bad blood
November 15, 2019

Taylor Swift is very much included in this narrative.

Swift and Big Machine Records, which produced her first six albums, unamicably parted ways a year ago in what was the beginning of a high-profile fight over who controls Swift's songs. That reached a new height Thursday night when Swift posted an open letter accusing the label of stopping her from performing her songs live — and Big Machine is denying it all.

In her statement, Swift discussed how she'd be getting an American Music Award deeming her the "artist of the decade," and wanted to perform a medley of her songs at the awards show. She also said, and "this isn't the way I had planned on telling you this news," that a Netflix documentary about her was in the works as well. But all of those things are "a big question mark" because Scott Borchetta and Scooter Braun — Big Machine's founder and the man whose holding company bought Big Machine earlier this year, respectively — "have now said that I'm not allowed to perform my old songs on television" because she'd be re-recording her music before she's allowed to in November 2020, Swift said.

On Friday, Big Machine fired back. "We were shocked to see her Tumblr statements yesterday based on false information," and "at no point" did Big Machine attempt to block her performances or documentary, it said in a statement. It decried her for risking "the safety of our employees and their families," stemming from how she directed fans to question Borchetta and Braun and their other clients. And with what was likely a deliberate choice of words, Big Machine directly addressed Swift to say "the narrative you have created does not exist." Kathryn Krawczyk

October 8, 2018

In news that Taylor Swift 100 percent does not care about, President Trump announced on Monday that he likes her music "about 25 percent less" after she endorsed two Tennessee Democratic candidates.

On Sunday night, Swift, a resident of Nashville, posted on Instagram that she was voting for Tennessee Democrats Phil Bredesen for Senate and Rep. Jim Cooper for the U.S. House. Bredesen is a former governor, and his opponent is Republican Rep. Marsha Blackburn. Blackburn voted against the reauthorization of the Violence Against Women Act and says businesses have the right to refuse service to gay couples, and Swift said her record "appalls and terrifies me."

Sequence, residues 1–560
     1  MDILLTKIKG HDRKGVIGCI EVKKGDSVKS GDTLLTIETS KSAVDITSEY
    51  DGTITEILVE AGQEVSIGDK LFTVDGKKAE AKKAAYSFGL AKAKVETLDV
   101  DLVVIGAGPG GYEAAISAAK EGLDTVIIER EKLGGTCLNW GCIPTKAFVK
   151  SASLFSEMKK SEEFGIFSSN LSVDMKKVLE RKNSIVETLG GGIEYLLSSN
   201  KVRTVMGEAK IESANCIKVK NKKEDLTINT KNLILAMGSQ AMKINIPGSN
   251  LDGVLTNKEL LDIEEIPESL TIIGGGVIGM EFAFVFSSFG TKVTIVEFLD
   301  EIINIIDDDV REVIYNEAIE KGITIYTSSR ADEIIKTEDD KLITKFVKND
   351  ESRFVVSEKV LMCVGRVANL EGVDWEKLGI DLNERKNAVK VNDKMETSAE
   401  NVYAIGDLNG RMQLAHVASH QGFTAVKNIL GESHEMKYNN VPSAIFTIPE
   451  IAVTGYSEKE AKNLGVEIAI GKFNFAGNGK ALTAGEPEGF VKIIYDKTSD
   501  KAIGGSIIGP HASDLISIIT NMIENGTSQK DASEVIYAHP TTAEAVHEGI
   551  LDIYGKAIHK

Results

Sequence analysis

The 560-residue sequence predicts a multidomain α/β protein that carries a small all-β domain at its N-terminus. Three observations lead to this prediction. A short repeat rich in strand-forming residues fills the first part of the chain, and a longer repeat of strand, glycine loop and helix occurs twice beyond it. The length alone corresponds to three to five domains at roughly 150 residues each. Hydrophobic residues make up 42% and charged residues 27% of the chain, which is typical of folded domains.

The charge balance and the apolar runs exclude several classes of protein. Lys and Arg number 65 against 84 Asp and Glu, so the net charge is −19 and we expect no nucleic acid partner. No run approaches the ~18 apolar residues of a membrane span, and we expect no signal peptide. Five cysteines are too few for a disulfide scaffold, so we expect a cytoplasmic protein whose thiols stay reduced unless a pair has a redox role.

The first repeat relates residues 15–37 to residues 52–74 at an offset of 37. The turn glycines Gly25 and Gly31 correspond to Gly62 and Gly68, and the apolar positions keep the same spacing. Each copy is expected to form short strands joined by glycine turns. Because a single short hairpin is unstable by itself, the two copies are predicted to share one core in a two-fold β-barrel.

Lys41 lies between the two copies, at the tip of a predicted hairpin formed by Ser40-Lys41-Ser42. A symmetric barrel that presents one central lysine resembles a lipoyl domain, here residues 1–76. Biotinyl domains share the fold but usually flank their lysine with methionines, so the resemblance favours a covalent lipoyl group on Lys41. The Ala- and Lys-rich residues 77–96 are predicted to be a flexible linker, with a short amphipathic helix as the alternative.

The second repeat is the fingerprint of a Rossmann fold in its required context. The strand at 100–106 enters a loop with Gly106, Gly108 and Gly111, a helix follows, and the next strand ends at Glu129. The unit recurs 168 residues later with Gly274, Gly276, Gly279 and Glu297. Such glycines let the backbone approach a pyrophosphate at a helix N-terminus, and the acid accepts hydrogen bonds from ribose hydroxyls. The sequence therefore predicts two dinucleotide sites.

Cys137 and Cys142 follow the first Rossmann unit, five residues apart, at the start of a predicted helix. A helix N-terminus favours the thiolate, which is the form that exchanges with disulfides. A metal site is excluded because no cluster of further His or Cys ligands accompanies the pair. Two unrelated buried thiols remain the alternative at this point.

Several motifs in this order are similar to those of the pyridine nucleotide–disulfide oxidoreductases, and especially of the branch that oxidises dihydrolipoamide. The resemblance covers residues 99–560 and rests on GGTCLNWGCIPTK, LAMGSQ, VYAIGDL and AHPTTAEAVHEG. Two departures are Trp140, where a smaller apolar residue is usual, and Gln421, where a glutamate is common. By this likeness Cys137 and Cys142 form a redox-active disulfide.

When asked about Swift's endorsements, Trump told reporters that Blackburn is "doing a very good job," and "I'm sure Taylor Swift has nothing, or doesn't know anything about her." While he's not quite ready to chuck his 1989 CD into the trash, Trump did add, "Let's say that I like Taylor's music about 25 percent less now, okay?" Catherine Garcia

July 12, 2017

The private lawyers representing President Trump are not pleased with his son-in-law and senior adviser Jared Kushner, who they say is "whispering in the president's ear" about the Russia investigation, completely leaving the attorneys out of the loop, several people close to the legal team told The New York Times Tuesday.

Kushner was at a June 2016 meeting with his brother-in-law, Donald Trump Jr., along with former campaign chairman Paul Manafort, and a Kremlin-connected Russian attorney who said she had compromising information on Hillary Clinton, but he did not disclose on his security clearance forms that he attended this meeting, only copping to it recently. The legal team thinks he's now more worried about saving his own skin than protecting Trump and they don't know how much longer they can work around him, the Times reports, suggesting lead attorney Marc Kasowitz may resign.

Kasowitz represented Trump during his days as a businessman, and people close to the president told the Times Trump does not like the strategy Kasowitz has come up with to handle the probe into Russian meddling during last year's election. Read more about the legal team, as well as how Trump signed off on Trump Jr.'s vague initial statement to the Times when his meeting with the Russian attorney first came to light on Saturday, at The New York Times. Catherine Garcia

July 23, 2015

Taylor Swift has apologized for a Twitter feud she inadvertently started Tuesday with hip-hop artist Nicki Minaj, whose tweets criticizing the music industry Swift took as a personal affront.

Minaj swiftly responded, thanking Swift for her sincere apology.

The apology comes after a brief but highly publicized social media firestorm largely ignited by Swift and fueled by both music fans and the media. After not receiving MTV Music Video Award nominations for her videos "Anaconda" and "Feelin' Myself," Minaj took the music industry to task for judging black female artists differently from their white female counterparts. Swift, proving, as one writer put it, that she is "the most paranoid public figure since Nixon," thought the tweets were directed at her and fired back, defending herself and her VMA nomination.

While Swift has mostly kept quiet since her original tweets accusing Minaj of "pitting women against each other," neither Minaj nor the internet remained silent on the matter. While many gossip sites were quick to play up the drama, many of the ensuing tweets and blog posts actually started an interesting conversation on race, gender, and the music industry, as Minaj herself noted on her Instagram on Wednesday evening.

Even Piers Morgan weighed in with his largely unwanted opinion, extending his sympathies to Swift — reason enough for anyone to reassess their pro-Swift stance. And now that Swift has extended the olive branch, we can all look towards a brighter future where the two megastars can put the bad blood behind them and record the collaboration album that will finally allow the nation to heal. Marshall Bright

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